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"Professor Negroponte is wrong." --Wayne Huizenga, Former Chairman, Blockbuster Video
Negroponte, founder of MIT’s Architecture Machine Group as well as cofounder of that school’s Media Lab, was a champion of the idea that the looming digital age would signal a shift from atoms (physical form) to bits (information) as the determinant of something’s value. You don’t need to be a historian to know who won that argument.
Today, few would argue that businesses need atomic forms to have marketable products. This is obvious with media companies like Spotify and Netflix (the latter was nimble enough to replace the DVD delivery business with the content delivery business). It’s infiltrated the business world with tools like Salesforce and Adobe, whose software as a service (SaaS) model charges substantial sums to put infinite tools at a customer’s fingertips--all with zero tangible media. But the atoms to bits migration is altering seemingly intractably atom-based industries as well.
One such example is the automotive industry, which is shifting from a cars-as-commodities to transportation-as-a-service model.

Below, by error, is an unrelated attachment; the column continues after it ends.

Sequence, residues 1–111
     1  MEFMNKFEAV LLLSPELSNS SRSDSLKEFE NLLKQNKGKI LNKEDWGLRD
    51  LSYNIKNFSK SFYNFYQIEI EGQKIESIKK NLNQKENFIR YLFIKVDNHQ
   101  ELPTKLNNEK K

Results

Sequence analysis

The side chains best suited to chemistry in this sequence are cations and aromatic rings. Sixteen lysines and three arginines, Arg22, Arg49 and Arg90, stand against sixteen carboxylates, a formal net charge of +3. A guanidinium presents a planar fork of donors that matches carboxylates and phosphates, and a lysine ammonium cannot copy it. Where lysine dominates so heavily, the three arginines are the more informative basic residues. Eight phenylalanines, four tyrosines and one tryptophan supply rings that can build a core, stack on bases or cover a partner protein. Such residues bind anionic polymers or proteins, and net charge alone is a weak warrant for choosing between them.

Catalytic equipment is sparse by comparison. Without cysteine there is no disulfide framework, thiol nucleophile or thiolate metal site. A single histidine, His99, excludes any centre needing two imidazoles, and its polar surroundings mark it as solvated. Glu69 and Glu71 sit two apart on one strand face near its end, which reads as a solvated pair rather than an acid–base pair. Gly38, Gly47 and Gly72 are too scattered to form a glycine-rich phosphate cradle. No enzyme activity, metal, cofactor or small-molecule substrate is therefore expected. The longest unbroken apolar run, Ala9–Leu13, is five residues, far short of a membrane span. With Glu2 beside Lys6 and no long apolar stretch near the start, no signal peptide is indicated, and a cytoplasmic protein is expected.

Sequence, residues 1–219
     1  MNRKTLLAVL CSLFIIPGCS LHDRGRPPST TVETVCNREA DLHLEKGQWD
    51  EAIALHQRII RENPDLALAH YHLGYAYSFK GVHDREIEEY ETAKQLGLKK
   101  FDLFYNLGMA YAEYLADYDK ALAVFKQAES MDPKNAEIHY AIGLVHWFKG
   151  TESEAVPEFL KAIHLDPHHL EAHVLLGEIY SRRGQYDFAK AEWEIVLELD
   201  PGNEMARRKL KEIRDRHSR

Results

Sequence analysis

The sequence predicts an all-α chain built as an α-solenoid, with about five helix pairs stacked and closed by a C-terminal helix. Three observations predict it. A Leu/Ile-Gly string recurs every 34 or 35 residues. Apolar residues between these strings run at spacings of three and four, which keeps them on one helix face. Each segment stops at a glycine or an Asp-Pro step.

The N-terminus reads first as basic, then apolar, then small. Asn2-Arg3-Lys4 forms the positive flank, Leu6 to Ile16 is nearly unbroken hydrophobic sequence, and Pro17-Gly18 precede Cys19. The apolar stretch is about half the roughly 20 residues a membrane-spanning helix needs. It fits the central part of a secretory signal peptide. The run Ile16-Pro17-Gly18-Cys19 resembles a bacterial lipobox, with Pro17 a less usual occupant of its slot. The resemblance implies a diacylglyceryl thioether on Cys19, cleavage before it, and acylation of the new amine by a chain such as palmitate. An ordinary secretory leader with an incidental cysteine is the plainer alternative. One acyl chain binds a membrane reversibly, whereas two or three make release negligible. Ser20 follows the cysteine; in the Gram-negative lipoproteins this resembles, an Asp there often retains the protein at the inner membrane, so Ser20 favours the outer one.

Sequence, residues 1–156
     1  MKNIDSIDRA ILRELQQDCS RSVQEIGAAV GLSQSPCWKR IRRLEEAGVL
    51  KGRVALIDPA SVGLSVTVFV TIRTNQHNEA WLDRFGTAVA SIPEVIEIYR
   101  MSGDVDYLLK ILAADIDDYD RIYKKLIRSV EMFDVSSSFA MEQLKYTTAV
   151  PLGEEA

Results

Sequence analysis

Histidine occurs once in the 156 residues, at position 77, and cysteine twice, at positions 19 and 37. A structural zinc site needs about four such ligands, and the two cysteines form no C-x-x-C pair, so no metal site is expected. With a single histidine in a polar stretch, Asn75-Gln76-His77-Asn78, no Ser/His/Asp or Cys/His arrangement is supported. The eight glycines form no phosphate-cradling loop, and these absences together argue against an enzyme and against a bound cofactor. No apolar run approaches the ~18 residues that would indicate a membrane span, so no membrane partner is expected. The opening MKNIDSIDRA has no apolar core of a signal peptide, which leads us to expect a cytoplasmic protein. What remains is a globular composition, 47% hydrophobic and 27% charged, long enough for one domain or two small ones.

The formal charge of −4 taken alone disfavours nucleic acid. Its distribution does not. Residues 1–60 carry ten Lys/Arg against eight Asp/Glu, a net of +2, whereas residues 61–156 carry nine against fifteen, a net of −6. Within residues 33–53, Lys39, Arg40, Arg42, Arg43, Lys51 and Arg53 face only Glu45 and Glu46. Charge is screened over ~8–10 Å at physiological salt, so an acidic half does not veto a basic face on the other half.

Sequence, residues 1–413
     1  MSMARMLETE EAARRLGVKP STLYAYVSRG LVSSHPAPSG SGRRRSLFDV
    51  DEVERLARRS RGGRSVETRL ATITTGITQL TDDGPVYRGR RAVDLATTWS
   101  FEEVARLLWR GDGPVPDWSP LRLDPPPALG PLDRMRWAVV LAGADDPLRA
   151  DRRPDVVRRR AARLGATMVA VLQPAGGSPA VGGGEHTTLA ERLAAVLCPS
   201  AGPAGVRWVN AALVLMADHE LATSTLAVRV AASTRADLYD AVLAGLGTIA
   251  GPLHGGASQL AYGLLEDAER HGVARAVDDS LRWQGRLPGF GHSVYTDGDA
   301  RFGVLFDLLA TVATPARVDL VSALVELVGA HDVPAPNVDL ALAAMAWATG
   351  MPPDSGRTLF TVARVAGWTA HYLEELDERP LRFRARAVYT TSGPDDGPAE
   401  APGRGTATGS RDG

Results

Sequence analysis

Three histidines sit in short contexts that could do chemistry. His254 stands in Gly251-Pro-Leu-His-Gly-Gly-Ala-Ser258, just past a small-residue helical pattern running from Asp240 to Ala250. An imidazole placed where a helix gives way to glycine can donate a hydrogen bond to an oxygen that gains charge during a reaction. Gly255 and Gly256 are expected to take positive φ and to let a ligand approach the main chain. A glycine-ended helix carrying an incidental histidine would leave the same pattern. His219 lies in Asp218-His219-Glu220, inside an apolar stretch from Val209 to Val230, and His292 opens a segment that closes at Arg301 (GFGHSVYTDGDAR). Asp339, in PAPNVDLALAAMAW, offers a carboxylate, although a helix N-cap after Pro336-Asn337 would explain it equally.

At first glance, this shift might sound sacrilegious. In the U.S., there’s a massive industrial and cultural complex bolstering the automotive industry. But what if we didn’t need to own cars to get where needed to go? What if it didn’t make sense, from a financial or convenience standpoint, to own a car? What would the industry look like? Would the culture be so robust? The industry is already shifting, with automakers devoting massive resources to vehicle-agnostic mobility. Last year, Ford launched its Ford Smart Mobility subsidiary, which, according to a press release, is meant to establish the company as "a leader in connectivity, mobility, autonomous vehicles, the customer experience and data and analytics." Virtually every other large automaker has a similar program in the works, attempting to future-proof themselves for the days of tech-enabled, multi-modal transit systems and autonomous vehicles.
Culture appears to be changing in tow. A University of Michigan study found that 60% of today’s 18-year-olds have a driver’s license, compared with 80% in the 1980s. Not only are ride-sharing services reducing the need for private ownership, but social media is replacing some of the proximity-based social activities that make driving necessary.
The Digitization of Real Estate
The implications for atoms to bits are enormous for real estate. This transition is most evident in commercial real estate, where digitization has enabled companies to use far less space than they once did.
Offices can be smaller because technology enables remote working. Gallup found that 43% of employees in 2016 worked remote at least some of the time, up from 39% in 2012. Offices can be smaller because they are no longer used as large filing cabinets. According to consultant Gunnar Branson, contemporary law offices use a third less space than they did ten years ago because the large tracts of real estate once devoted to legal libraries have been replaced by access to databases.